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Grand juries

A California assemblymember wants to increase grand jury pay and diversity.

Assm. Chris Ward (D-San Diego) introduced a bill Feb. 10 that would increase grand jury pay from $15 a day to eight hours of the hourly prevailing wages of the county. It would also require courts to list the jury members’ gender, age, race or ethnicity, and judicial district, supervisorial district, or residential ward.

Under the proposed change, a superior court can add up to 10 jurors who served on the previous grand jury or are among the list of qualified jurors if it balances the grand jury’s diversity to match the county’s diversity.

“Currently, the role of a grand juror is largely voluntary with very little compensation being given daily for their civic service,” Ward said, according to a press release. “This leads to disproportionate representation within courtrooms. AB 1972 will help increase transparency around the process of jury selection and ensure jurors are fairly compensated for their time.”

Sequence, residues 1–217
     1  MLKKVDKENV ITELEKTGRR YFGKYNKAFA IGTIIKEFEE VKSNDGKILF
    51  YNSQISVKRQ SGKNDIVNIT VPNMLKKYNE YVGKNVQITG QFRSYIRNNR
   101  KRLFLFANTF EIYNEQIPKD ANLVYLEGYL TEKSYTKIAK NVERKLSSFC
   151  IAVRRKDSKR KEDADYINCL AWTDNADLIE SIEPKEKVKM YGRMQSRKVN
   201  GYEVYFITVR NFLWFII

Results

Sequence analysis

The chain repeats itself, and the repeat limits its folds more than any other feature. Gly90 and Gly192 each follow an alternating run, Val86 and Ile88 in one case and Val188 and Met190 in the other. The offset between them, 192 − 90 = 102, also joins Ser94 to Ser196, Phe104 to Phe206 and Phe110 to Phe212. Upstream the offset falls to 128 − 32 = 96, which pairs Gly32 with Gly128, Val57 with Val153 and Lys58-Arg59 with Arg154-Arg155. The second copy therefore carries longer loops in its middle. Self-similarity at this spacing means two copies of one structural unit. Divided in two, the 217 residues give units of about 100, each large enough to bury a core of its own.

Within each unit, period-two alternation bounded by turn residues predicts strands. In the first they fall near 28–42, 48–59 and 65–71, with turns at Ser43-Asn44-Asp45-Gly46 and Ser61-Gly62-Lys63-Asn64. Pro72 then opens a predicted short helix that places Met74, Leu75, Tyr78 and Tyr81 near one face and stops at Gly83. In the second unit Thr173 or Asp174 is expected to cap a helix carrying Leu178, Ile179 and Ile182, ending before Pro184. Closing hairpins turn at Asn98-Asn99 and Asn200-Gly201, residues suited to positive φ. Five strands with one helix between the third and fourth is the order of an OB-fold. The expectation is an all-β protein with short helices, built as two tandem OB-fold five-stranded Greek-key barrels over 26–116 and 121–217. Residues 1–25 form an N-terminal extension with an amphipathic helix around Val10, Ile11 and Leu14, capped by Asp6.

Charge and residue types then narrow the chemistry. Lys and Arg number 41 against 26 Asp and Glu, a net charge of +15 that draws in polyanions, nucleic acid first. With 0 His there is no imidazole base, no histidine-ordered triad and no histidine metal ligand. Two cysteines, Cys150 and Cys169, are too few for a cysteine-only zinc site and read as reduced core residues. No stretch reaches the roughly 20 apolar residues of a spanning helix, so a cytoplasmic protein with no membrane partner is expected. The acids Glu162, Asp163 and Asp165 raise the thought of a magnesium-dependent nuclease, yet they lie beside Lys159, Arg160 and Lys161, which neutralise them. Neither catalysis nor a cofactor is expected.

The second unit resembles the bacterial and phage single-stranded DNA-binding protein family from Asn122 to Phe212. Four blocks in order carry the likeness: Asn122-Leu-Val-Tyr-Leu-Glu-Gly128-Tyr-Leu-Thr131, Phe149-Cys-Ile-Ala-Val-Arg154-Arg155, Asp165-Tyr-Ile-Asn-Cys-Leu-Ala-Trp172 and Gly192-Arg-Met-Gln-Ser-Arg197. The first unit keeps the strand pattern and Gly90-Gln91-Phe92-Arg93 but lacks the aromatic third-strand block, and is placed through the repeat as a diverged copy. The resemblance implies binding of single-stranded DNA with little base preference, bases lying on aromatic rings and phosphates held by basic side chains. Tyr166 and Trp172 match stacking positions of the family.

Brown Act

A California Senator wants to amend the Brown Act to outline a clear process to remove people who are intentionally disrupting the meeting.

SB 1100, introduced by Sen. Dave Cortese (D-Santa Clara) Feb. 16, states that a presiding member of the legislative body or a law enforcement officer can warn a group disrupting the proceedings, before giving them the clear authority to remove them. It does not allow the member or the officer to remove the individual if the individual is trying to fight someone, uses offensive words or otherwise disturbs the peace as outlined in Penal Code section 415.

The individual could only be removed under the section for intentionally engaging in behavior “that substantially impairs or renders infeasible the orderly conduct of the meeting in accordance with law.”

Current law allows individuals to be removed from legislative meetings. Brown Act section 54957.9, which Cortese’s law would change, allows a legislative body to clear the meeting room if the meeting room is interrupted by a group so as to render the orderly conduct of such meeting unfeasible.

During a Victorville City council meeting, Mayor Debra Jones ejected a man and Councilwoman Blanca Gomez for allegedly disturbing the meeting in violation of Penal Code section 403. They have since been charged for the code violation, although Gomez has pleaded not guilty on all counts.


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